Pin trading is a popular thing to do at Walt Disney World. It’s a fun way for kids to interact with Cast Members, collect souvenirs of favorite characters, rides, and more. This guide offers money-saving tips & tricks, offering a great entry point to trade without breaking the bank. (Updated November 9, 2023.)
Let’s start with a bit of background. Disney Pin Trading began during the Millennium Celebration. Since then, Disney Pins have become easily the most popular merchandise and collectibles in all of Walt Disney World (and beyond–pin trading is also now popular at Disneyland, Disneyland Paris, etc.) with the possible exception of Vinylmations, which are now rising in popularity.
While some fervent Disney fans scorn Pin Trading (presumably because they oppose good, clean fun), there is no doubt that Pin Trading has been embraced wholeheartedly by the general public and by legions of Disney collectors.
One downside to Pin Trading is that it can be very expensive, as individual pin prices start at $8.99 and only go up from there! When we first started Disney Pin Trading, it was relatively inexpensive. It can be super expensive if you are serious about collecting.
Let’s take a look at what you can do to maximize your Disney pin trading enjoyment!
Where to Buy Disney Pins
Disney Pin Trading Tips
Pin Trading is relatively simple in practice: guests interested in the hobby and Cast Members stationed at pin boards trade. While Disney itself allows trading between guests, this is quite uncommon in practice. At present, Cast Members who trade are typically stationed by pin boards found in or outside gift shops and various locations around Walt Disney World.
One way to get the best pins is to trade early. Look for Cast Members by pin boards in the morning as they tend to have “fresh” pins. These pins get picked over during the course of the day (they are often replenished at shift changes), so your best bet is to trade early or hope to get lucky later in the day.
Cast Members are trading pins provided to them by Disney and they will accept whatever trades are offered to them regardless of whether it’s “fair” from the perspective of value.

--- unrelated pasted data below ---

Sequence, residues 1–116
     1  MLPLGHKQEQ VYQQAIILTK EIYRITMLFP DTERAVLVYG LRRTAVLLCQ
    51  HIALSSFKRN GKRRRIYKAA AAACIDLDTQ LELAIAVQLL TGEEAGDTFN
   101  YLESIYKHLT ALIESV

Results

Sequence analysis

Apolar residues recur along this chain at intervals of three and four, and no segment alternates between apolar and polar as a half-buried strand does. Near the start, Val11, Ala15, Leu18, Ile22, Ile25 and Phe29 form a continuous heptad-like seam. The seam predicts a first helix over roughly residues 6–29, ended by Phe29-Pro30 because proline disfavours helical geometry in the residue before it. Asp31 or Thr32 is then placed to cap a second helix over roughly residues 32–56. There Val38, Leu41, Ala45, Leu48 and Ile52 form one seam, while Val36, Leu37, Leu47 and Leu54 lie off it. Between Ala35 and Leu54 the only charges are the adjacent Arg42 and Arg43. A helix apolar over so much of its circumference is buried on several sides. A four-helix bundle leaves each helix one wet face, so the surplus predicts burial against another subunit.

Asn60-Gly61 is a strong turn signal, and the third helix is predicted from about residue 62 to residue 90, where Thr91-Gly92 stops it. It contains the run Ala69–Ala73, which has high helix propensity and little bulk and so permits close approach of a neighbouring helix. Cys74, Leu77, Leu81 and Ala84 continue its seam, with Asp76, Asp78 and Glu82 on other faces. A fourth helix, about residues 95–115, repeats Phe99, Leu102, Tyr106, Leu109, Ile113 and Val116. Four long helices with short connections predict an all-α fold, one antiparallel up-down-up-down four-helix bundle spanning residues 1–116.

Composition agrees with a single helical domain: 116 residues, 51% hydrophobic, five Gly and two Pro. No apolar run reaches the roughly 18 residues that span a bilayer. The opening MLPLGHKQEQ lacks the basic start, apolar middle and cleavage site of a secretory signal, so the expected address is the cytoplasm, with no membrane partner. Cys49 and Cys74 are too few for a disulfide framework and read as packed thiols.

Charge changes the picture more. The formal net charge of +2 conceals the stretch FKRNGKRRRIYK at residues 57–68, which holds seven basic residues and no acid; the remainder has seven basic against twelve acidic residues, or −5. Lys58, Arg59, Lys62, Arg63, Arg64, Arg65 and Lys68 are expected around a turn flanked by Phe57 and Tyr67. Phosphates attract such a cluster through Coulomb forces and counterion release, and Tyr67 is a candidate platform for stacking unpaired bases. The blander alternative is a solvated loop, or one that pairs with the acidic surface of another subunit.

The good news is that we have another update on pin trading protocol as of November 2023: “This just ‘pin’ — guests visiting select merchandise locations at Disney Springs can once again experience their favorite ways to trade Disney pins directly with cast members!”
“Keep an eye out for cast with accessories such as lanyards and pin boards, and ask them how you can join in the Disney pin trading fun. We know just how much our fans have been looking forward to the full return of this beloved tradition of Disney pin trading and can’t wait for this pin-teractive activity to come back to even more merchandise locations across Walt Disney World in 2024.”
In case you don’t follow pin trading closely, the big development here is the return of proper lanyards. Up until now, it’s been pin boards for the last couple of years, with some Cast Members having little badges of pins on their waists. This marks the first return of neck lanyards for pin trading since March 2020!
There are also some “professional” pin traders, but they’re far less common than in years past.
From a value perspective, you are always going to save so much more money by purchasing pins in lots on Amazon before your vacation, so we don’t even recommend approaching these “professional” pin traders. Beyond that, we think they sort of take the fun out of it. Pin trading is great if it’s with Cast Members or even other fans who are casual about it, but many of these pros take a no nonsense approach that’s abrasive and off-putting for pin trading newbies.